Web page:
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Superior Tongkat Ali leaves extract

By tongkatali.org
Updated November 25, 2023

For available Tongkat Ali extracts, and their prices, please see:


Orders can be placed by writing to the email address below - in any language.

The efficacy (effectiveness of a pharmaceutical product) of Tongkat Ali has been established in numerous scientific studies. You may want to verify this through a search on the online version of the National Library of Medicine of the National Institutes of Health of the United States Government.

The website is: https://pubmed.ncbi.nlm.nih.gov/

Try a search for: tongkat ali, or for Eurycoma longifolia (the scientific name of tongkat ali). You will gain access to the summaries or full texts of more than 200 scientific studies, most of which deal with the testosterone-enhancing properties of extracts of the plant.

As a rule of thumb, active or sought-after chemicals specific to a certain plant are found throughout a plant, from the roots to the leaves, but typically in higher concentrations in leaves (example: coca), flowers (cannabis), fruits (opium poppies), and bark (yohimbe). This rule of thumb also applies to tongkat ali trees.

The conventional wisdom that the active ingredients of tongkat ali root should be present in higher concentrations in other parts of the plants, especially the leaves, has been confirmed in a 2017 study, conducted by N. Zakaria et al. The study was published in the Journal of Fundamental and Applied Sciences. A full PDF file of the study can be viewed at: Leaf and stem extracts from Eurycoma longifolia jack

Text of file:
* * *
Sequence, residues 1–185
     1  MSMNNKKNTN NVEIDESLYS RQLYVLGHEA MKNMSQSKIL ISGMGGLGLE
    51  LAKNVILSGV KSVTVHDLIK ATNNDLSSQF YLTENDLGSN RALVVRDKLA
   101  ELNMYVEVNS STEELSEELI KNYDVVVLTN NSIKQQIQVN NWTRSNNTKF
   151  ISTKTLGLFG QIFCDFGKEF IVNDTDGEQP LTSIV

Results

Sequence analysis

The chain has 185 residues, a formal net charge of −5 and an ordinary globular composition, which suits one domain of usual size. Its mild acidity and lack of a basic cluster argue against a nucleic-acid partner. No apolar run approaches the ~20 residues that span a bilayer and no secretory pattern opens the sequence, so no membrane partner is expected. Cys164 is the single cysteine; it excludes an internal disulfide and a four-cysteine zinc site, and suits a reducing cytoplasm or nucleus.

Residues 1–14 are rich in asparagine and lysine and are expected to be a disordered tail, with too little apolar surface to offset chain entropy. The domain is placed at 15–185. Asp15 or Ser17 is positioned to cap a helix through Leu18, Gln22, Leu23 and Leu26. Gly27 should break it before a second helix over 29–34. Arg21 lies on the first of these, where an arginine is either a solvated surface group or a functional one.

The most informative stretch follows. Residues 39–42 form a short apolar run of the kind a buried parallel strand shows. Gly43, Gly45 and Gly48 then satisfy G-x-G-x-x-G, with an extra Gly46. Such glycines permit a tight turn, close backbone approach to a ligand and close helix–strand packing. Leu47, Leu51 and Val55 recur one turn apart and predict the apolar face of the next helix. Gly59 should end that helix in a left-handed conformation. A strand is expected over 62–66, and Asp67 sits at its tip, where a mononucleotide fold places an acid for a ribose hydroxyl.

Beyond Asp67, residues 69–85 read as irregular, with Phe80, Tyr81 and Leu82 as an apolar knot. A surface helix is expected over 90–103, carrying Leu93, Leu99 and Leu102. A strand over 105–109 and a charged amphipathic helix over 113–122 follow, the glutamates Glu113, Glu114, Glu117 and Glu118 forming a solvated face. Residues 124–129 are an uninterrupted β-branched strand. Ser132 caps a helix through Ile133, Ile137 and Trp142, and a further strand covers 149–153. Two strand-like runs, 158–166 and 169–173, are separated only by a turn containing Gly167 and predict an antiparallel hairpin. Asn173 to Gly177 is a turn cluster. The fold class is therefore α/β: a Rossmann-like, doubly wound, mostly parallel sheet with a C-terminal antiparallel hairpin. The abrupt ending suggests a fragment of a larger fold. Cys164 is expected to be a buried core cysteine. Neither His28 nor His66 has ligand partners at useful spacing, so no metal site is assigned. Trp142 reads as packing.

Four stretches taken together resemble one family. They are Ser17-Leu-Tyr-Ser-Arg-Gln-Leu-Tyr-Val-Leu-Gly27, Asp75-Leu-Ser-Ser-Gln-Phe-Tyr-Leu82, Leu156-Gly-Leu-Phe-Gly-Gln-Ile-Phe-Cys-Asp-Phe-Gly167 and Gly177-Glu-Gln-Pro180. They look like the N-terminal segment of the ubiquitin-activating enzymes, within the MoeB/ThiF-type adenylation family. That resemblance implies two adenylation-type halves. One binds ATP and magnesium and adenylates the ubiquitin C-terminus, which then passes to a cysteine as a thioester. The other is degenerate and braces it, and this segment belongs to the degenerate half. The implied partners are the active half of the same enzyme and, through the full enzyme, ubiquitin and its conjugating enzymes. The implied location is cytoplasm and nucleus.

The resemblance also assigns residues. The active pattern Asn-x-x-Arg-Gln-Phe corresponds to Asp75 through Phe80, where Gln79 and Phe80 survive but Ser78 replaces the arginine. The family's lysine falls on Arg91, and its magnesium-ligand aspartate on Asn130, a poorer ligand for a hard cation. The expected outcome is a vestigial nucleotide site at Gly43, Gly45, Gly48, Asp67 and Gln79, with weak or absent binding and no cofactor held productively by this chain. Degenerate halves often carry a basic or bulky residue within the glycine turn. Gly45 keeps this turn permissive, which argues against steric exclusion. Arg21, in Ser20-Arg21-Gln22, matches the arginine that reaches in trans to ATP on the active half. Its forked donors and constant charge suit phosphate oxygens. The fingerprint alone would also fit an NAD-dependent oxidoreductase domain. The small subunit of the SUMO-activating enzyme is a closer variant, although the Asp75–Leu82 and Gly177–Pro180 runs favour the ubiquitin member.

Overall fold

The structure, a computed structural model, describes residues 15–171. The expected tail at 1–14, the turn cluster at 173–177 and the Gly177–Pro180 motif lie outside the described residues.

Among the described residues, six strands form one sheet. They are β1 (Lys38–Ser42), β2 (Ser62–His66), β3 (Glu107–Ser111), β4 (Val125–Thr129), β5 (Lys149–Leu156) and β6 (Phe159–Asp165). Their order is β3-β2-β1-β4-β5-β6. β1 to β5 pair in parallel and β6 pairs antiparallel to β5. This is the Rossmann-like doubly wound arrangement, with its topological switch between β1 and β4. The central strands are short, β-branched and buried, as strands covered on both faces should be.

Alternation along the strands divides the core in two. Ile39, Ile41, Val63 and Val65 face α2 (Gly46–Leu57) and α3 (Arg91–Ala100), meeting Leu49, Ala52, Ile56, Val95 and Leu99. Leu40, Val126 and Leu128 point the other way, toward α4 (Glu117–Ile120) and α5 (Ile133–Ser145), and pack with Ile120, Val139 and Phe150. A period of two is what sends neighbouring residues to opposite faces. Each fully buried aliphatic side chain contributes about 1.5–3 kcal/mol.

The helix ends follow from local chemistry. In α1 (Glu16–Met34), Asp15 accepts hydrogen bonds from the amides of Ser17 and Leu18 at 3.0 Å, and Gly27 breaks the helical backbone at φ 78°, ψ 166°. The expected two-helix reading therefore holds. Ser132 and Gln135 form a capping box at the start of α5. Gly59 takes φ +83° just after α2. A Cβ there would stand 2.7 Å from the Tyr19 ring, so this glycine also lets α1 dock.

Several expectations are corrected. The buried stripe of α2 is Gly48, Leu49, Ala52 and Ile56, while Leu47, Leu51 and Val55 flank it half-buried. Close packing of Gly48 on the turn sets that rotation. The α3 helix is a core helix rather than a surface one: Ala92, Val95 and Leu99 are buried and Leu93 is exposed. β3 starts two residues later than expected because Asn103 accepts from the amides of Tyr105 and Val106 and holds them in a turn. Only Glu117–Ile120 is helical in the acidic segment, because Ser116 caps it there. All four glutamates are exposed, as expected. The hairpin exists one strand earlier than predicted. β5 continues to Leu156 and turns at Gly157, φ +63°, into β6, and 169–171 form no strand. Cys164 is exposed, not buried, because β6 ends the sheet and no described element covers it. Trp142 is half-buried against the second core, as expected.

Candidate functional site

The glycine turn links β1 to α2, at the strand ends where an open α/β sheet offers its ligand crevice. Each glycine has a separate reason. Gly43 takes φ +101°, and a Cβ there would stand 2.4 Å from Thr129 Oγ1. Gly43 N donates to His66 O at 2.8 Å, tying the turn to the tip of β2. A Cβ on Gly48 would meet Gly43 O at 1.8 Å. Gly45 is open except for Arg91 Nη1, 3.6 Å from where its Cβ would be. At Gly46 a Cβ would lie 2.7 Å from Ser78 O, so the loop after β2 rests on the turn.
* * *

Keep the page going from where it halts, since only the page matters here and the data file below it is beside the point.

In a study for the University of Technology, Malaysia, Samsiah Jusoh et al analyzed the content of Eurycoma longofolia's most prominent quassinoid, eurycomanone, in various parts of the plant: "The highest concentrations of eurycomanone ... were  (in the leaves) 6.0568". Lower concentrations were: 0.1415 (twigs), 0.0365 (top of stems), 0.0633 (middle of stems), 0.0673 (bottom of stems), 0.3533 (roots) and 5.1137 mcg/mL (root barks)." [Source: Eurycoma longifolia]

Please note that the concentration of eurycomanone in leaves is almost 20 times higher than in roots.

In a review of tongkat ali's ethnobotany and pharmacological importance, Bhat and Karim (2010) stated: " The plant parts [not just the roots] have been traditionally used for its antimalarial, aphrodisiac, anti-diabetic, antimicrobial and anti-pyretic activities..." [Source: Tongkat Ali (Eurycoma longifolia Jack): a review on its ethnobotany and pharmacological importance]

If ethnobotanical resources attest to the use of tongkat ali leaves, as well as root, and if scientific sources prove that active ingredients, especially alkaloids and quassinoids, are present in much higher percentages in leaves than in roots, why, then, are tongkat ali leaves extracts so hard to find on the Internet?